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Athem - The Extended Mind CD (album) cover

THE EXTENDED MIND

Athem

 

Progressive Metal

3.06 | 3 ratings

From Progarchives.com, the ultimate progressive rock music website

Conor Fynes
Prog Reviewer
3 stars 'The Extended Mind' - Athem (5/10)

It is often quite difficult to review the music of a band like Athem. Although commanding an undeniable grasp of musicianship and tightness among the band members that verges on that of brilliance, when it comes down to the music itself, there is virtually nothing here that hasn't already been heard before. Falling into a common trap among progressive metal bands, Athem decides to go for a default sound, the likes of which is spawned equally between prog metal titans Dream Theater and Symphony X. Although Athem delivers nothing new to metal with their debut record 'The Extended Mind', the band manages to foster a decent observation with their highly melodic brand of metal.

Although Athem is a fairly youthful act, 'The Extended Mind' is quick to show their intelligence as music-makers. 'Overture' introduces the listener to some very tastefully arranged programmed symphonics, a fairly staple sound for the band throughout the rest of the record. As the metal aspect of the band takes over, one can still hear a heavy draw upon classical music that works well for the band. Much like Symphony X, the band's heavier moments are focused on speed and vicious technicality, but there is always the depth of the keyboards to fall back on. When the band isn't delving into one of their many Dream Theater-styled instrumental cuts, the music centers in on the highly melodic voice of Will Shaw, who is quite a technically skilled vocalist, although the vocal melodies rarely leap out, and the lyrics are generic at best.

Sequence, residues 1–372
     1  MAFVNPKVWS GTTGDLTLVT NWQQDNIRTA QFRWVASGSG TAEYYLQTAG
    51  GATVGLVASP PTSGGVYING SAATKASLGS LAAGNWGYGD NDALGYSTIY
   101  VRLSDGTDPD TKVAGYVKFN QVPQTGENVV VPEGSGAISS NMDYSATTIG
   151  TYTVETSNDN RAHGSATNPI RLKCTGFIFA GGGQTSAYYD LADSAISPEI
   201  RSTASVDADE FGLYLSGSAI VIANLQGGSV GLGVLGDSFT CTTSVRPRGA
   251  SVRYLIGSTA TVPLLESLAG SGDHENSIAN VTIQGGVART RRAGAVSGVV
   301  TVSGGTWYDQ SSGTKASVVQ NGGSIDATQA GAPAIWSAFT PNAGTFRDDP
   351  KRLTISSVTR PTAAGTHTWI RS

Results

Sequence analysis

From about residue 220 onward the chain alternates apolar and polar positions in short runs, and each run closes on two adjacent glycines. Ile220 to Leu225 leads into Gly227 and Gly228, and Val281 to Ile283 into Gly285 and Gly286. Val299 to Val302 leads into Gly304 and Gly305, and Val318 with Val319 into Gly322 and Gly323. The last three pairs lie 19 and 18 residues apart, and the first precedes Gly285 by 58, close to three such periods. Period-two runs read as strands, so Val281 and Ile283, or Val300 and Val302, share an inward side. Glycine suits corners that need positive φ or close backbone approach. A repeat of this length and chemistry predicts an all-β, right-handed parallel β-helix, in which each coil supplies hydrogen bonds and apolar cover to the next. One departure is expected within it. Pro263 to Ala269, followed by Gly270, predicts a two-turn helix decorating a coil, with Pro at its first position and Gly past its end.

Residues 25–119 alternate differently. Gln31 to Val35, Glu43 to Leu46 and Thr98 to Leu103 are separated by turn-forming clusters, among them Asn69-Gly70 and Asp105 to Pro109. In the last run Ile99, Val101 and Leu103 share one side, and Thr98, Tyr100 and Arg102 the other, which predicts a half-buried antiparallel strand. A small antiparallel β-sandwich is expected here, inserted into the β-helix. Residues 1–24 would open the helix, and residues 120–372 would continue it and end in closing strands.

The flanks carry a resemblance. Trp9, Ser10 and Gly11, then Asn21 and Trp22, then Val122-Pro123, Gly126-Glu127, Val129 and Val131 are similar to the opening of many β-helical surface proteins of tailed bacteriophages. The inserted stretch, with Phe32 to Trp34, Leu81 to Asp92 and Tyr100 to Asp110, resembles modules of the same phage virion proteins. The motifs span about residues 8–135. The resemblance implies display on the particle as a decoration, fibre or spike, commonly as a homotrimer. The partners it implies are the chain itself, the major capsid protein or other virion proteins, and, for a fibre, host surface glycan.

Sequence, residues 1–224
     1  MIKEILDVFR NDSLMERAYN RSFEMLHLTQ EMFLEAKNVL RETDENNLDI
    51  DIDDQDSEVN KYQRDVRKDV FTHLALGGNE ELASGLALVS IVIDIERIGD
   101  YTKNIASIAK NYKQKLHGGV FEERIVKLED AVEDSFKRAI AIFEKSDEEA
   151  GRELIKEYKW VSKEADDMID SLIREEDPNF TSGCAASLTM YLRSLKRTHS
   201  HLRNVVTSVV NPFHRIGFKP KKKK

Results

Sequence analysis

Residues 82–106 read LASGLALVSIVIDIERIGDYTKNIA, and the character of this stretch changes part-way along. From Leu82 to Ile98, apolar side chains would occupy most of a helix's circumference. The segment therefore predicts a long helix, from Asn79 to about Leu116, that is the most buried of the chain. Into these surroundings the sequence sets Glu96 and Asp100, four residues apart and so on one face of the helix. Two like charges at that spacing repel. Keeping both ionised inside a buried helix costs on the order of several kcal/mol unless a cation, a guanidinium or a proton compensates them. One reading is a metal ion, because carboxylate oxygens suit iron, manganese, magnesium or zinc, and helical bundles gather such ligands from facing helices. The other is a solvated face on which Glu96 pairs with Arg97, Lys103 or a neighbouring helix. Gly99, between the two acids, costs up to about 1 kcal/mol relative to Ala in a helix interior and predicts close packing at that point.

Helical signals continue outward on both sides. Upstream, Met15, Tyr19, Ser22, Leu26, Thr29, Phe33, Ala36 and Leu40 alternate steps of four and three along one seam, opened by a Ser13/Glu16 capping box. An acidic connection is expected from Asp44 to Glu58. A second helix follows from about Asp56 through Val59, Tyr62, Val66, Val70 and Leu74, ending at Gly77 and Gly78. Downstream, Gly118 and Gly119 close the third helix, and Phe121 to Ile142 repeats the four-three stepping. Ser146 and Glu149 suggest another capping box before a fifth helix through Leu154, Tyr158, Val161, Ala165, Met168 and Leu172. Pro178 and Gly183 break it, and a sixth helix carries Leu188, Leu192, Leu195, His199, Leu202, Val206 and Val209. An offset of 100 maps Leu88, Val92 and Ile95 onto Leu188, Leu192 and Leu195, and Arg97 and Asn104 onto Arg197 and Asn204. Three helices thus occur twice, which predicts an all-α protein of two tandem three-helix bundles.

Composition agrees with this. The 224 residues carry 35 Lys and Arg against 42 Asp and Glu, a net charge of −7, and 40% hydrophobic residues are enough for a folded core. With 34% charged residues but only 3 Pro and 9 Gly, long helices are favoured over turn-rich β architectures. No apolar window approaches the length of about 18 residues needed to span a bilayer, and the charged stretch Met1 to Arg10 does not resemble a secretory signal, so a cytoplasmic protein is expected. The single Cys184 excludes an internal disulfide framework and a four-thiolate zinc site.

Sadly, the word 'generic' creeps up far too often while I listen to 'The Extended Mind'. The rather uninspired album cover that seems to attempt to give an air of class but comes across as being cheesy and uninviting. Although it is fairly typical for bands not to have a firm grasp of their personal identity and style on the first record, Athem seems to be content with rehashing ideas that Symphony X and Dream Theater both mastered years before. Many of these riffs and synth patches sound far too familiar even on the first listen, and this does not lend well to a listener that seeks out truly progressive metal. It cannot be emphasized enough that 'The Extended Mind' is nothing in the way of originality, but for what it's worth, Athem does the style well. It is also clear that the band is trying to find their sound throughout each of these songs. The single-worthy highlight 'Fallen God' points the band in the direction of Symphony X's darker material, whereas the follow-up third track 'Away' goes down a much more upbeat and peppy prog rock sound. One can only hope that if Athem comes out with a second record, they will have finally found a more unique voice for their talent out of these experimentations.

Athem's 'The Extended Mind' is not a bad record necessarily, it just feels a little unnecessary when there have been so many bands to have already covered this sound to death. Especially in 2009, the formula has become stale, but Athem still manages to pull off the sound fairly well, despite being seemingly content with the label of being a Dream Theater clone.

Conor Fynes | 3/5 |

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